• Origins of Strategic Planning WAR + BUSINESS = COMPETITION (M. Porter: Competitive Advantages)
    • Origins of Strategic Planning 1920: Harvard Business School: New Policy Model for Businesses: emphasis on organisational policy and structure 1950s: emphasis on risk, growth and competitiveness: strategic decisions derive from analyses of competitive power relationships Mid 1980s: leakage into the public sector and public management ▶ “run the government like business” ► city competitiveness ▶strategic planning
    • In the 1980s and 90s Rapid Transition From Land Use Planning to Strategic Planning & From Hard Planning to ‘Soft Planning’ & From ‘master plans’ to ‘Strategic Plans’ & From ‘Zones’ to ‘Networks’ & from ‘government’ to ‘governance’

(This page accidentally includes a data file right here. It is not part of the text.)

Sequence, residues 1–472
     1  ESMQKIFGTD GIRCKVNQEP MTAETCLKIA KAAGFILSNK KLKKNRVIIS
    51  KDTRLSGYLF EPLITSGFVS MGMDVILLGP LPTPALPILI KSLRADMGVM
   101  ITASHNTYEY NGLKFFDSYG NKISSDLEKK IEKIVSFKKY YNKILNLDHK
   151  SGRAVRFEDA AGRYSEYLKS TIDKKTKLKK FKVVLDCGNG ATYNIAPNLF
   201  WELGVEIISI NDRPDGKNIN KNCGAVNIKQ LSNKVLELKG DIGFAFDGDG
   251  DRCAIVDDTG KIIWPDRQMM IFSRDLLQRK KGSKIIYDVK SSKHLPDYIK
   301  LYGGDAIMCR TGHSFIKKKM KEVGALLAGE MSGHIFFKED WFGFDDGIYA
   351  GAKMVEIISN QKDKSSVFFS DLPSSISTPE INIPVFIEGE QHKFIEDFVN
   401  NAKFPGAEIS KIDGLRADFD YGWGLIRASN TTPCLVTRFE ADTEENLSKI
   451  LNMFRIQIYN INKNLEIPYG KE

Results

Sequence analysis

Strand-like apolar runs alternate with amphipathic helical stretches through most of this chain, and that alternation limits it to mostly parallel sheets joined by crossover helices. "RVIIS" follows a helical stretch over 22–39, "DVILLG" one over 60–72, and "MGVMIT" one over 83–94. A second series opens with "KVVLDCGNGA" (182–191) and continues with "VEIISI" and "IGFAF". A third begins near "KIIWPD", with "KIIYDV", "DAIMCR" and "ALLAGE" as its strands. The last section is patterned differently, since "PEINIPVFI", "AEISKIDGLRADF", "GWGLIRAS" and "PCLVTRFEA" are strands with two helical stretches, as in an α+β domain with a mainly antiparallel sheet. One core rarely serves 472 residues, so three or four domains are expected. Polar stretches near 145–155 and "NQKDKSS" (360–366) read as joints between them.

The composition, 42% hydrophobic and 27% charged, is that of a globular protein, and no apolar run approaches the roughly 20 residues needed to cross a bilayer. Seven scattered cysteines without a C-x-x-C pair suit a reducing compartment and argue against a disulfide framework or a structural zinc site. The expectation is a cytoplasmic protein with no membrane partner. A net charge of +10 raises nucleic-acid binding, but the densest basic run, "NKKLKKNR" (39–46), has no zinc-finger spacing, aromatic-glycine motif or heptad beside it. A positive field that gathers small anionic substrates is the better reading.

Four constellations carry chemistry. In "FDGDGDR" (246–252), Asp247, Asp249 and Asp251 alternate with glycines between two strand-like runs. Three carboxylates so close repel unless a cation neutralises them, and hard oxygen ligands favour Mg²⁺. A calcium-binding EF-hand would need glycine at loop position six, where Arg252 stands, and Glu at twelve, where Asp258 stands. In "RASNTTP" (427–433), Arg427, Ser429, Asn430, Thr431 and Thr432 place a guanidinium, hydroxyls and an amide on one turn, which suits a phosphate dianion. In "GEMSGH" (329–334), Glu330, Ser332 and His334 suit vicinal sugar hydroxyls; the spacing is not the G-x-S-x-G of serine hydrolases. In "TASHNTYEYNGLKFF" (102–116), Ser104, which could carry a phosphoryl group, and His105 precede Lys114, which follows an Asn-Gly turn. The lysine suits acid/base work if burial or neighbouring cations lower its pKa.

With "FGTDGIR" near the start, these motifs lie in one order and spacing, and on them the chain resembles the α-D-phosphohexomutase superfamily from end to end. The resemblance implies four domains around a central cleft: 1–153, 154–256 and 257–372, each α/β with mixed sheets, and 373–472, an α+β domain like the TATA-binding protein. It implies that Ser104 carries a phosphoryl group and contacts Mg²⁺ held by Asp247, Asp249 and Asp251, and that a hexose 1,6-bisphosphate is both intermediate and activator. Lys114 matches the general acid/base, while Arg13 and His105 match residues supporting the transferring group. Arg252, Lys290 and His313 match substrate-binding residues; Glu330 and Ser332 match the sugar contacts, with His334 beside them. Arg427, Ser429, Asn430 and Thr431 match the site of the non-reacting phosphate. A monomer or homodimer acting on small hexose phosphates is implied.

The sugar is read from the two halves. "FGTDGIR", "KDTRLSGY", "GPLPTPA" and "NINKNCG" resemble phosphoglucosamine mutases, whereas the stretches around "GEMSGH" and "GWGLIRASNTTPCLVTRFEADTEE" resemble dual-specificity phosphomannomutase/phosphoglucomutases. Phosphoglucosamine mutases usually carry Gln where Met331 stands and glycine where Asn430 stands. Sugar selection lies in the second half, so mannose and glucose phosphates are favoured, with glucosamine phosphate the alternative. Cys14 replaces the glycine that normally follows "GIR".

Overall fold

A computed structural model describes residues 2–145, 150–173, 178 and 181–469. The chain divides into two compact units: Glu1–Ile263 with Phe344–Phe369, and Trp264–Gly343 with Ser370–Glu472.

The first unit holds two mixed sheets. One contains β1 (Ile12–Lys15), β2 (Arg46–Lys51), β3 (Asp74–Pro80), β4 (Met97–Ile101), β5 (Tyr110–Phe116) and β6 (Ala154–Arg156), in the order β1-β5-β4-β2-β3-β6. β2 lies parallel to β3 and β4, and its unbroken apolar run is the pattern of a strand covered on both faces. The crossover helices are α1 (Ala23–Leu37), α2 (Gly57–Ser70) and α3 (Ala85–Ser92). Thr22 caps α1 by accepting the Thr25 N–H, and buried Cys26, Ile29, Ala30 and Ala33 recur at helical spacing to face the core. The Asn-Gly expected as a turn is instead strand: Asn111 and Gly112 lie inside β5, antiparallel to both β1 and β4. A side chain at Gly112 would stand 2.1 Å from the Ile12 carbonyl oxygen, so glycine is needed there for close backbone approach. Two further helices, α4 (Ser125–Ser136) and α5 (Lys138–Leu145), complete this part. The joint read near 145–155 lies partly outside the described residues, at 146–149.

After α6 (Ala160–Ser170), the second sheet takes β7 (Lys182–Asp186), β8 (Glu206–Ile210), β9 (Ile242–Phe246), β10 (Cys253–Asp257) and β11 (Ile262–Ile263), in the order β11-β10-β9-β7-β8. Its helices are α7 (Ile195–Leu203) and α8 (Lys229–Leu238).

• Le Plan Voisin Le Corbusier: Paris 1925
    • Bijlmermeer, Amsterdam, 1966-1970 Siegfried Nassuth, urban designer
    • Today: A new Paradigm Strategic Planning today is based on social and environmental sustainability and global awareness ✤Planning is an instrument to increase participation and strengthen societal cohesion. ✤
    • Today: A new Paradigm The Three Ps People Planet Profit Prosperity!
    • New Emphasis in Strategic Planning SYNERGY + PARTICIPATION Strategic urban planning is a process that allows the articulation of the initiatives of public and private stakeholders which seek synergies for the development of a city. (Source: Steinberg, 2003)
    • TODAY Strategic Planning is about… 1. A tool for local development which conceives strategic interventions that guarantee the quality of life, and economic and social progress 2. A mechanism to promote progressive forms of governance, substantially improving local democracy through collaboration between public and private urban stakeholders 3. A modern, participatory and democratic form of thinking about urban development which allows the establishment of references for all economic and social actors 4. A new instrument which facilitates the management of a city in a period of frequent and substantial changes (various sources)